Video: China Hindering Free Speech In America

Trump, China, Russia, and N. Korea

The Chinese government, or people sympathetic to it, encourage like-minded Chinese students and scholars in the West to report on Chinese students who participate in politically sensitive activities — like my salons, but also other public forums and protests against Beijing.

Members of the China Students and Scholars Association, which has chapters at many American universities, maintain ties with the Chinese consulates and keep tabs on “unpatriotic” people and activities on campuses.

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Agents or sympathizers of the Chinese government show up at public events videotaping and snapping pictures of speakers, participants and organizers.

Chinese students who are seen with political dissidents like me or dare to publicly challenge Chinese government policies can be put on a blacklist. Their families in China can be threatened or punished.

When these students return to China, members of the public security bureau may “invite” them to “tea,” where they are interrogated and sometimes threatened. Their passport may not be renewed. One student told me that during one of his home visits to China he was pressured to spy on others in the United States.

And in one egregious example of intimidation, in March 2016, the police in China abducted the relatives of the Chinese journalist Chang Ping, who lives in exile in Germany, after he published an article in a German publication that was critical of President Xi Jinping’s crackdown on free speech.

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Chinese students abroad hear these stories and, with good reason, tread carefully. Many have become too afraid to attend open forums like my salon, and those who do show up mostly keep a low profile.

Not all Chinese students in the West condemn their government. Many, in fact, actively support Beijing, often by shaming their fellow students who criticize Beijing.

Nationalism is rampant in China and many students, who grew up subjected to the full force of the Chinese government’s “patriotic education program,” carry it abroad. They blame Western powers for causing a “century of humiliation” before the Communist takeover in 1949 and for instigating trouble and constraining China’s growth as a global power.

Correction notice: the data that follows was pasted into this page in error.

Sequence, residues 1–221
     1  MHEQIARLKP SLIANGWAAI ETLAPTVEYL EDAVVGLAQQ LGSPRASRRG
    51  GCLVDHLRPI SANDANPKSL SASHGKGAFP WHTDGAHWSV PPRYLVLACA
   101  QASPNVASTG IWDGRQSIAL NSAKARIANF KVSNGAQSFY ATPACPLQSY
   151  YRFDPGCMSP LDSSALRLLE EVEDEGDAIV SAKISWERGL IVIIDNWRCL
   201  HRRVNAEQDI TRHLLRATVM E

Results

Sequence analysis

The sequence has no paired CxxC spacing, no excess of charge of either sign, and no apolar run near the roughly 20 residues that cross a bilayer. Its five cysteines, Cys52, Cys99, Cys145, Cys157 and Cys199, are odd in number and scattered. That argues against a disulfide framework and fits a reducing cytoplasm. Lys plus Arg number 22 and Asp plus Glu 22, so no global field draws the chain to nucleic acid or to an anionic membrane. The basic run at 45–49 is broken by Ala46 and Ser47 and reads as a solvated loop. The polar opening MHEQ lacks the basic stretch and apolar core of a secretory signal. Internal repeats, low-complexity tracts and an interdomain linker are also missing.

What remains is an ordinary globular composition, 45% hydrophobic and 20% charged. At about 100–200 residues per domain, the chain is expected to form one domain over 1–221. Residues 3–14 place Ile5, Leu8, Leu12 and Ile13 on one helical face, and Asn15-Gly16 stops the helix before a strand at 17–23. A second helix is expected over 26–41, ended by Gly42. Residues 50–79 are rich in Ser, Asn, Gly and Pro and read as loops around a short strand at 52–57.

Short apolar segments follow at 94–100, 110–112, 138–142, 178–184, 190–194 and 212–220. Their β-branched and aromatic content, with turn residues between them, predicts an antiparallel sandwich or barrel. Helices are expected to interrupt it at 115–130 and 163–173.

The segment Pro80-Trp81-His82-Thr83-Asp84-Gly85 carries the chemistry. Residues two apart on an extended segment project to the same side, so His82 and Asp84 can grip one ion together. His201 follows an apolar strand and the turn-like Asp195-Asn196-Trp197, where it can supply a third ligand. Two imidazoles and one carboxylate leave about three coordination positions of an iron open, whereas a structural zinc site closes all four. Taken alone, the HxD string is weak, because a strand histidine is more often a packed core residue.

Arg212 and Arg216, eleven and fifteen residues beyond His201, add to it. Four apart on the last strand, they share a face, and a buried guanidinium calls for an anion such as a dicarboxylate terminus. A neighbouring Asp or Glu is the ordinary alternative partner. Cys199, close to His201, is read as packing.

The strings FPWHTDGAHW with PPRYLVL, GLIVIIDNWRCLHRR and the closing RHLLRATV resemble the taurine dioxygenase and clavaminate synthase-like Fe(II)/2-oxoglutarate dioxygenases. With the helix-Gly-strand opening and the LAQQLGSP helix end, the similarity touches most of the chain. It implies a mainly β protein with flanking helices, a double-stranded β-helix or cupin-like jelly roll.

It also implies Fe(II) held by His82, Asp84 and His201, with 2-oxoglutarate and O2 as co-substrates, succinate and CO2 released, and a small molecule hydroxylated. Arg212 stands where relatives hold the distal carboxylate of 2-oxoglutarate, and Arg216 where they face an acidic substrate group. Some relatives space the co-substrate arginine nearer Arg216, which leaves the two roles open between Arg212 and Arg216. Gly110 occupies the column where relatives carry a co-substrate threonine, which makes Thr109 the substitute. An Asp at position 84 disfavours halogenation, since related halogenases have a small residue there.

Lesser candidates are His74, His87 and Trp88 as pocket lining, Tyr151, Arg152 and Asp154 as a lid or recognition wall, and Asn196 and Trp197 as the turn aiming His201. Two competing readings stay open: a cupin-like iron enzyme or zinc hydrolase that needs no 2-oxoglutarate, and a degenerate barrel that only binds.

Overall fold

These “patriotic” students and scholars team up with the Chinese consulates to sabotage protests critical of the Chinese government. Many resort to online harassment of Beijing’s critics.

n a typical example, Shuping Yang, a Chinese student at the University of Maryland in May praised the “fresh air of free speech” in the United States during her commencement address and then faced a barrage of threats online from Chinese citizens and the state media for “insulting the motherland.”

The China Students and Scholars Association encouraged people to rebut Ms. Yang’s views. Under the pressure, Ms. Yang issued a public apology, asking for forgiveness and declaring that she did not intend to belittle her country.

Even Western educational institutions that have benefited from Chinese government funding, student enrollment and Chinese private donations have succumbed to pressure from Beijing. Some have canceled activities or programs, and others have resorted to self-censorship.

Springer Nature, which publishes prestigious science magazines like Nature, recently blocked access to some articles from China to avoid being banned in in the country.

The country’s growing influence abroad has received a lot of attention in Australia, where journalists have detailed how Chinese money has infiltrated the political process. Chinese students in Australia can come under heavy pressure and shame from other nationalist Chinese students for criticizing Beijing.

Recently, Clive Hamilton, a professor of public ethics in Australia, said that his publisher delayed the release of a book of his that investigates the rising influence of the Chinese Communist Party in Australia for fear that the Chinese government may sue for defamation.

We can be certain that Mr. Hamilton’s name has been added to a list of Western scholars who are banned from China, another common tactic used against outspoken China scholars whose work the Chinese government dislikes.



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